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Rogers: Humbled by the billion

Aspen Times editor Don Rogers
Courtesy photo

Barreling across Nevada, dreaming the ridiculous dreams of that lottery ticket worth a billion.

A giant moon hovers low in the alpenglow, bare mountains pure white, Highway 50 a ribbon stretching out black and empty to the horizon either way in the basins between Austin and Eureka.

If life goes present moment by present moment, I’m already a winner.



But I’m here because of the holidays just passed, making my break from California between storms. And those Quick Picks can’t help but invite in the future, flooding with possibility.

Against all odds, a winning ticket …




What ski town, which beach? Rent or own, and where after that? PCT first or the Appalachian Trial, or maybe the Camino de Santiago? Yeah, why not?  

How to invest, where to give? What causes, which relations?

Keep working? At what?

How much would life change, wanting for nothing?

WHAT COST, WINNING?

Sudden great fortune might be even more disruptive than a great setback. Misfortune is democratic, striking us all, this common experience. This other alights rare as that black swan, and the literature suggests a likelihood of ruination.

We gather round in tragedy, the best of us surfacing in support. But the stories of lottery winners run rife with examples of the worst — grasping relatives, hucksters, greed, broken families, lost connections, bent perspective, paranoia, misery, these fables, all this loss. Too many tales to dismiss.

Yet we buy so many tickets that billion dollar jackpots pay out almost monthly. So many moths attracted to the bright light of chance.

Surely I could handle it. Isn’t that we each believe? That we wouldn’t change, at least not for the worse, if the means to all our dreams materialized?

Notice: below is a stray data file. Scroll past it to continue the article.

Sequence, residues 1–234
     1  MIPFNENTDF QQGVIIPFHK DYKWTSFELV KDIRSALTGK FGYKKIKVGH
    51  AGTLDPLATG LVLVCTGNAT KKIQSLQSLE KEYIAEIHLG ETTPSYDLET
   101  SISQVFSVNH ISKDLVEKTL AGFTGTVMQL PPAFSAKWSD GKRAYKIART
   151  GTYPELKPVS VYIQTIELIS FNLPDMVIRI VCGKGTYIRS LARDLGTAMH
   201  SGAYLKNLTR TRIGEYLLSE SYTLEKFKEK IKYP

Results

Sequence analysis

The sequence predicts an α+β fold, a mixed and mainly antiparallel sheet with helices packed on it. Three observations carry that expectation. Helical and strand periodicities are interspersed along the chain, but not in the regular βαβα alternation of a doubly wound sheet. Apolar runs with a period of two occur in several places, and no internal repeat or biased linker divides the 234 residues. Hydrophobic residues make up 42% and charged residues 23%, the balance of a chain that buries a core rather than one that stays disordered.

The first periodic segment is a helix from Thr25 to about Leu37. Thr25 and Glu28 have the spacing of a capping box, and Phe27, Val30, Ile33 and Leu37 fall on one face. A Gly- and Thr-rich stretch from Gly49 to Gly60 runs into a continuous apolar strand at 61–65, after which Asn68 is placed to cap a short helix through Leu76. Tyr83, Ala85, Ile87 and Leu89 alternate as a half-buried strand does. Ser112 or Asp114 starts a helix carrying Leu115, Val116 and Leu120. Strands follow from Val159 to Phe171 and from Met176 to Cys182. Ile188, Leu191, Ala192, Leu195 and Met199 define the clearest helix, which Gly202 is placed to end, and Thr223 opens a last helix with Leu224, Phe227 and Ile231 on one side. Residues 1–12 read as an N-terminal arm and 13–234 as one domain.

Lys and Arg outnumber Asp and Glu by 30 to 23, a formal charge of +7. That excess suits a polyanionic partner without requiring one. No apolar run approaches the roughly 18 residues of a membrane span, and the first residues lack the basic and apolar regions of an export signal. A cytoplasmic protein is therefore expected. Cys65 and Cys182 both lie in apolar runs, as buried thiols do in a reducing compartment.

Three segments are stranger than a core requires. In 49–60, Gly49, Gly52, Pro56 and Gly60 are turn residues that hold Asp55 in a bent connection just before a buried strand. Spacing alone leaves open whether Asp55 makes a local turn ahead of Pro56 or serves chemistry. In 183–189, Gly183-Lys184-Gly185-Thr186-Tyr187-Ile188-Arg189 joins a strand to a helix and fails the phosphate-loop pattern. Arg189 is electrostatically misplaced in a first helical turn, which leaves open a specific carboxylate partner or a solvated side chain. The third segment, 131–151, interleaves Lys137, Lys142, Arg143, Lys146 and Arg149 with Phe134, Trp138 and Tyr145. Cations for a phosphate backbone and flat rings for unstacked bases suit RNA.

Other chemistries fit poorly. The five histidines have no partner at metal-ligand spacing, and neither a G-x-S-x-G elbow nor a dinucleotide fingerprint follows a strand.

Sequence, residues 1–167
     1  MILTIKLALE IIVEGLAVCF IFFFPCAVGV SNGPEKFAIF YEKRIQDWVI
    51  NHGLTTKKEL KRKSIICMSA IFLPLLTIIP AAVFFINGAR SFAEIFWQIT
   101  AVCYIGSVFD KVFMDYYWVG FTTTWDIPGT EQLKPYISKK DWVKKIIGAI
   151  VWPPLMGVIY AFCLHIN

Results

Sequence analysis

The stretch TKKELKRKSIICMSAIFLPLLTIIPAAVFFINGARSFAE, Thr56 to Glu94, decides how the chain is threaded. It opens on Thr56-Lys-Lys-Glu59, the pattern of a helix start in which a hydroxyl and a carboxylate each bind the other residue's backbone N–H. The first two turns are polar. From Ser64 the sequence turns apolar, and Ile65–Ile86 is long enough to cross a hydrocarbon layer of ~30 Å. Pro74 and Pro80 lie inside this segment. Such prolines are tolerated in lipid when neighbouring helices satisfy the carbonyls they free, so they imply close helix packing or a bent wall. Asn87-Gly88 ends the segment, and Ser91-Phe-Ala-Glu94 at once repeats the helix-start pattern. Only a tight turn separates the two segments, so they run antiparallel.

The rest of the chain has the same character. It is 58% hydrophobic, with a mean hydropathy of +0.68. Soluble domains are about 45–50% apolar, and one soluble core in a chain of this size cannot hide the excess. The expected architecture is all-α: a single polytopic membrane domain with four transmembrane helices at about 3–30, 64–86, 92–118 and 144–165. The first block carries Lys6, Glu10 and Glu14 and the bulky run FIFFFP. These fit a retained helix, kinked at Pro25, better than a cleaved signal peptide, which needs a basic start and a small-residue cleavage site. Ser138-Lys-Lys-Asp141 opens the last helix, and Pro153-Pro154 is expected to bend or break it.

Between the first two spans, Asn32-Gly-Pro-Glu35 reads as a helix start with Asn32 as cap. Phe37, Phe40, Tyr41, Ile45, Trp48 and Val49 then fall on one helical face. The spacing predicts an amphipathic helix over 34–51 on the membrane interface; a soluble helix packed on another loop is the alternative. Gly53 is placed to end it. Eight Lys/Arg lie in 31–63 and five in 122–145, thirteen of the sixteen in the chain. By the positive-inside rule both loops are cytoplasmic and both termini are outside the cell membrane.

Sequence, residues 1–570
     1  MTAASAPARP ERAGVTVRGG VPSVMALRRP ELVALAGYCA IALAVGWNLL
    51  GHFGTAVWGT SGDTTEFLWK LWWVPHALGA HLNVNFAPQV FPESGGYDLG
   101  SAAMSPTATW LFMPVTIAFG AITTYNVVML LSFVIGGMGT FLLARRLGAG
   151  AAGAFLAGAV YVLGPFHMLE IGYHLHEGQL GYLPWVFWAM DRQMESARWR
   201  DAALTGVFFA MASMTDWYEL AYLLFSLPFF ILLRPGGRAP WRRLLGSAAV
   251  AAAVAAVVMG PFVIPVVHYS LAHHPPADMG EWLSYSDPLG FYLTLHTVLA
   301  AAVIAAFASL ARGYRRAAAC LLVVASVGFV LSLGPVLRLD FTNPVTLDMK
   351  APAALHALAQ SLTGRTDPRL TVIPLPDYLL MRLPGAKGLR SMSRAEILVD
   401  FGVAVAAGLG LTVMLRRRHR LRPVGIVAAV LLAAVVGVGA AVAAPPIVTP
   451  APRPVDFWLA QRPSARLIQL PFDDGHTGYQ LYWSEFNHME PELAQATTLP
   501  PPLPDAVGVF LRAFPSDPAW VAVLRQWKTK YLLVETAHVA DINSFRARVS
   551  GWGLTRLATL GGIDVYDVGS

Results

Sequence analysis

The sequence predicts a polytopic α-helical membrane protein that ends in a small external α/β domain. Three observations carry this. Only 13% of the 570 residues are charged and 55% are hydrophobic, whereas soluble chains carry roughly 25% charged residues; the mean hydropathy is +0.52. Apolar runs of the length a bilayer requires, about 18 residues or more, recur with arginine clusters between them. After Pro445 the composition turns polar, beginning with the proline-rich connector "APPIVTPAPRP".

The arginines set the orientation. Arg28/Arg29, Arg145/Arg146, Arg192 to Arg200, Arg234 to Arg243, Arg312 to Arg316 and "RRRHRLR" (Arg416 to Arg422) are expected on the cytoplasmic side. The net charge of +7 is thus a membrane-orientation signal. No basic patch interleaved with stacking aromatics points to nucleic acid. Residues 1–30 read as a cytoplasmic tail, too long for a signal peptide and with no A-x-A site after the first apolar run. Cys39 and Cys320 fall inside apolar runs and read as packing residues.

LIMITED VISION

The sky goes dark, as it must, despite the moon. Headlights only go so far, even wide open Nevada closing in, driving at night. Slow down? Never, not with Ely, a meal, a room, to gain.

The fantasy turns to what I wouldn’t do. I wouldn’t quit the job, divorce the wife, sell the house. No partying like it’s 1999 or other Princely pursuits. No world tour. No red sports car.

OK, maybe a sensible EV, a bigger apartment in Aspen, try out Matsuhisa, fly more often. The ol’ mountain bike is fine. Same with the snowboard and the Nordic skis. Already have new snowshoes and running shoes. No new toys are calling.

At least not yet.

But I wouldn’t go crazy. That’s the first thing. We’d take it all slow, think everything through, fulfill current commitments, stay low key, even keel, you know?

It might be interesting, from a certain distance, to see how long that truly held. Temptation, like other vacuums, demands filling.

WHAT IS RIGHT?

Thinking about sudden wealth and temptation touches on morality. Is there a difference between earning your billion vs. lucking into it through a game of chance or accident of birth? Might a lottery be more fair at root than traditional wealth-building?

After all, what society values and where the money goes don’t follow mythical channels of hard work and talent in any objective sense. In this era, it flows more like wildfire to the peril of the planet.

Philanthropic contributions amount to so many coins in a tin cup — Facebook and Google “helping” community journalism while they rip us off, for instance.  

So, spend a whole lottery’s winnings on giving back? That would be pure, would it not? Who would actually do this?

The lottery thought experiment, augmented by the purchase of numbers, brings it home, then. Who am I really, I wonder in another moment, a frigid early morning driving into the sun.

Fortunately, I didn’t win. No one did. Now the prize is even greater. There’s no question whether I’m buying more tickets. I’m only human.

Aspen Times Editor Don Rogers can be reached at drogers@aspentimes.com